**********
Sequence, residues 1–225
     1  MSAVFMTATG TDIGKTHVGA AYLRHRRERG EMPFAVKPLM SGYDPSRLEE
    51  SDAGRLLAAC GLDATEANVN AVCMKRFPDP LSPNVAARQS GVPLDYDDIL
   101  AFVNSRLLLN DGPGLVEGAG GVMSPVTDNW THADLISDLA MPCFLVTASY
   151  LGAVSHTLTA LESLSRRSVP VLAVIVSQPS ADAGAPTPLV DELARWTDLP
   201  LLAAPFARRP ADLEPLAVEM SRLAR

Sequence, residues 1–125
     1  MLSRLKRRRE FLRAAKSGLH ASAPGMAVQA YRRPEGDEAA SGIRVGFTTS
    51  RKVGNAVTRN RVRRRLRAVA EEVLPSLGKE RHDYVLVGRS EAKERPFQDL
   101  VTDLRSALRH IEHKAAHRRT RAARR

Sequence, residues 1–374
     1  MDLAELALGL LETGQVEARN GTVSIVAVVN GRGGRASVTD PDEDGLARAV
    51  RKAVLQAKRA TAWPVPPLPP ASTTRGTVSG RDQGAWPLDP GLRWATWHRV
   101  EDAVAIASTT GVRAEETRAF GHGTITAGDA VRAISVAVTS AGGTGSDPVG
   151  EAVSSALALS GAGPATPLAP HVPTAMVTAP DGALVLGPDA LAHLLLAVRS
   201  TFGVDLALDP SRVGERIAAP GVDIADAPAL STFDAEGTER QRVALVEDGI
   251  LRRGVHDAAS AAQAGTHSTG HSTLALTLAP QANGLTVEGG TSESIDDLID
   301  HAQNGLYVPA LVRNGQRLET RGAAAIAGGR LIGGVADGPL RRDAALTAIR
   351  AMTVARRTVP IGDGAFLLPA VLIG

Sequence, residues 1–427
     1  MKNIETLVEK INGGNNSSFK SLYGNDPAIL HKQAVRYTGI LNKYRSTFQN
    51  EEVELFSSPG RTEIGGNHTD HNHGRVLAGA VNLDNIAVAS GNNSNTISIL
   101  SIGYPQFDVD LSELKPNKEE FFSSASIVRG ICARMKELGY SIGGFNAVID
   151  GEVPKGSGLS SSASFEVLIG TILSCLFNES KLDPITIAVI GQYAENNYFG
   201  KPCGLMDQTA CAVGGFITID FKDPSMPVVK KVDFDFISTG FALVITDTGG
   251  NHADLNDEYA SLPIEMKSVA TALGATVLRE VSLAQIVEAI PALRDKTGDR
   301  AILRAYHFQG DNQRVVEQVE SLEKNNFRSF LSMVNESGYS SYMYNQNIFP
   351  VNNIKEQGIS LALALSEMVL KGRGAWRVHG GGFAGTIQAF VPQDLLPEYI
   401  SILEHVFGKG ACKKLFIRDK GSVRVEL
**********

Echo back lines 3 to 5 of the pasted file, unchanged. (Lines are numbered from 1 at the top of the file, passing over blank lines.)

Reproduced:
    51  SDAGRLLAAC GLDATEANVN AVCMKRFPDP LSPNVAARQS GVPLDYDDIL
   101  AFVNSRLLLN DGPGLVEGAG GVMSPVTDNW THADLISDLA MPCFLVTASY
   151  LGAVSHTLTA LESLSRRSVP VLAVIVSQPS ADAGAPTPLV DELARWTDLP